In the fall the vice president and dean of admissions prepares an annual report describing the new class, as well as updates about the activities of the admissions office.   This report is shared with the faculty and with the Board of Managers.

Each December, the staff meets to discuss the activities undertaken over the fall months, revisit the admissions goals for the entering class, and prepare for spring reading.

A spring retreat closes out the admissions year, and at that meeting the group discusses what went well and what improvements might be needed, with particular focus on the success of yield events.

Because of small numbers of staff in admissions, individual responsibilities often coincide with functional areas. (This occurs in many areas of the College.) Each person writes an annual report based on their responsibilities, and discusses what their goals had been during the year, the extent to which goals were achieved, and plans going forward.

The dean and director of admissions meet with the deans and administrative assistants over the summer to discuss their goals and planning issues. There are intermediate check-ins as well, to discuss and adjust progress on objectives in a range of areas, such as targets for reading load.

Staff members in admissions wear multiple hats, and in addition to their primary responsibilities, form teams to focus on particular regions or groups. Each team coordinator will include an accounting of the team activities as part of his or her annual reporting.

In addition to these routine meetings and internal reporting mechanisms a number of special studies are undertaken at varying intervals to provide feedback to the division and to evaluate its effectiveness.

  • Each year the admissions office administers the Admitted Student Questionnaire, which is a survey of all admitted students. It asks about impressions of the College, where the student enrolled, and what factors may have influenced their decision to enroll at their chosen college.
  • The College also participates in an exchange of data reflecting key admissions and financial aid indicators, along with the group of peer institutions. This comparative information allows admissions to better understand its performance in the context of peer and competitor institutions.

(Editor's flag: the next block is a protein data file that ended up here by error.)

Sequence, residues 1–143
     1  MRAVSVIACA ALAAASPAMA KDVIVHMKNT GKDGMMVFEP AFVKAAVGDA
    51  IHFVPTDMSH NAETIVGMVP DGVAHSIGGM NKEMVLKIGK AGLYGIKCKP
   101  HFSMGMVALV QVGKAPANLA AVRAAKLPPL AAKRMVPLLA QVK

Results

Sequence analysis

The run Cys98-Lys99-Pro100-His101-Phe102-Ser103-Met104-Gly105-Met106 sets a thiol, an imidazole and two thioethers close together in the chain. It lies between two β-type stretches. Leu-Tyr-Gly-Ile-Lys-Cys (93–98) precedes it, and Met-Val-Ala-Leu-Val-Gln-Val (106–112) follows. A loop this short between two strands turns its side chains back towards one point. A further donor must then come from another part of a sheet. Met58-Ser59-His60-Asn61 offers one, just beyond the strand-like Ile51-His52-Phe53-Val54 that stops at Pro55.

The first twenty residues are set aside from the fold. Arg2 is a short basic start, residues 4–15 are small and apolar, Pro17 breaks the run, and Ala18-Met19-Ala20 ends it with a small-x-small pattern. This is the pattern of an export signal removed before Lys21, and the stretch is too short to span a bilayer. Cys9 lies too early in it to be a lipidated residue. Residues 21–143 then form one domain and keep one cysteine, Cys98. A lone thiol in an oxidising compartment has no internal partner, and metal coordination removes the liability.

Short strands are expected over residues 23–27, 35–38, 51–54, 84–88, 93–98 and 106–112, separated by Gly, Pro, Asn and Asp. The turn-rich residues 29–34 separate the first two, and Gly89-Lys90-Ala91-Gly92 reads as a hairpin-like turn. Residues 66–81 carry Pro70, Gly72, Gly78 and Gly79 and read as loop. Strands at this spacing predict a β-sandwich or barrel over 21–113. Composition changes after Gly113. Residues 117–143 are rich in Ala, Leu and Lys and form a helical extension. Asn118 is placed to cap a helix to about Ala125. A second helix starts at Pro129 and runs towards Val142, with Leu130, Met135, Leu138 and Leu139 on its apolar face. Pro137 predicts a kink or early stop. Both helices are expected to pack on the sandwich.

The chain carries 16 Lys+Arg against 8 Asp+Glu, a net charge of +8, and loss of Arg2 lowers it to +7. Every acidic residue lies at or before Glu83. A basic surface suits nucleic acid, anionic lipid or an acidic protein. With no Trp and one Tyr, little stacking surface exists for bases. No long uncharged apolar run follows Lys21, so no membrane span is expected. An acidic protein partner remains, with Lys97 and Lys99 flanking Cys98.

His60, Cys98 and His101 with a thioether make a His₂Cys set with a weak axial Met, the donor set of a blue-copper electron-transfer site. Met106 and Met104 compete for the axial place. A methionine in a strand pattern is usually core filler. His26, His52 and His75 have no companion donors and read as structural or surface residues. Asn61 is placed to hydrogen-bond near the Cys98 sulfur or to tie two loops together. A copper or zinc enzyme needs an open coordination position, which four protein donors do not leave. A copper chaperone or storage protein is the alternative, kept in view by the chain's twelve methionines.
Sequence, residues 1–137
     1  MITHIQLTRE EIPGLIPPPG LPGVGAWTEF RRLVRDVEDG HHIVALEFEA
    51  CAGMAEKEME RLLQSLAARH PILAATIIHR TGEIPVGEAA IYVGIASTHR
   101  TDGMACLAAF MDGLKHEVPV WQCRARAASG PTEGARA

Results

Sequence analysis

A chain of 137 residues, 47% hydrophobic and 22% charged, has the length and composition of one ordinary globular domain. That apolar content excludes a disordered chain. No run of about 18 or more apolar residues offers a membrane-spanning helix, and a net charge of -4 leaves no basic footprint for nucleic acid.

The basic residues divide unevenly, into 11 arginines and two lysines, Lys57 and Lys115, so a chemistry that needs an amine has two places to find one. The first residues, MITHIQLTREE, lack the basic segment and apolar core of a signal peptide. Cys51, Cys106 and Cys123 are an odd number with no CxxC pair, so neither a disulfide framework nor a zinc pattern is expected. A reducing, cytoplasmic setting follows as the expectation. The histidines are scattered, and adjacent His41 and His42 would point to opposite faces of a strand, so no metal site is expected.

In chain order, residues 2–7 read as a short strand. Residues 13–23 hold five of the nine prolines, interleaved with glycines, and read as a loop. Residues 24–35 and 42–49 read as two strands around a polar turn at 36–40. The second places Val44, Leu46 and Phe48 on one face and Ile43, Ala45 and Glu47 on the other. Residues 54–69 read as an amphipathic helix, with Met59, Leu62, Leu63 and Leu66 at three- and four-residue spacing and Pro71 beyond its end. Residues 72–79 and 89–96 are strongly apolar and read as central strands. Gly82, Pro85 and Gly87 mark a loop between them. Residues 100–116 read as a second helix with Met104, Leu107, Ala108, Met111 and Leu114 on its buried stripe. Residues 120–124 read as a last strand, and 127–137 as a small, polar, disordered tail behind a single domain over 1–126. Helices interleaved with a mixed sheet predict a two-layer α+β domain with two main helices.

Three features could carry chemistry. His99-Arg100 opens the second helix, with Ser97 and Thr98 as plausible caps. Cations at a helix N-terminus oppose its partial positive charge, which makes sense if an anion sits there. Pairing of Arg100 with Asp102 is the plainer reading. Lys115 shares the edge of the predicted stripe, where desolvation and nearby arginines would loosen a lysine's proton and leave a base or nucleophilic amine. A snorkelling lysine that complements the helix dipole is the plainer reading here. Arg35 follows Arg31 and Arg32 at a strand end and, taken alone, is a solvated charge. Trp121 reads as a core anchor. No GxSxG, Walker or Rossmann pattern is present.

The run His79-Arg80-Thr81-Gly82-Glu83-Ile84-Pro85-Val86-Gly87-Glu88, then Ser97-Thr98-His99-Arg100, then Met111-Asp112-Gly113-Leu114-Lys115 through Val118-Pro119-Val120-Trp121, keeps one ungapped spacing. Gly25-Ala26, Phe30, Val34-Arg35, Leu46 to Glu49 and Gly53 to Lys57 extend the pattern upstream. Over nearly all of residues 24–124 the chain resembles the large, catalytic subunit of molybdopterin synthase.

• Admissions, along with financial aid, engaged in an econometric modeling project with the help of a consultant group. The information learned informed our practices and provided a foundation of information for the Board Committee on Admissions and Financial Aid, which will review and monitor admissions practices, policies, and guidelines.
  • Every five to seven years admissions revisits its admissions materials, both electronic and in print. The College currently completed an overhaul of all print materials and updated all of our messaging (not just admissions) to ensure that we are communicating effectively.
  • The admissions area has undertaken an assessment of its group information sessions and tours through web surveys of visitors. Each presenter is provided his or her own results, but overall results are discussed as a group. This activity has already provided useful feedback. For example, the sessions were rated as excellent on providing information about academics, but not as strong on information about student social life. A group discussion of these results along with an analysis of what information was being provided in different settings (information session, admissions tour) resulted in changes to the group information presentation. The effectiveness of these changes are evaluated through the next cycle.  These results are discussed with the entire staff at the spring retreat (see above).
  • Finally, a number of initiatives have been undertaken in recent years so that the admissions office receives feedback from the dean of students area about individual enrolled students. This information can be compared with what was known at the time of admission, helping the admissions staff to better understand the experiences of admitted students.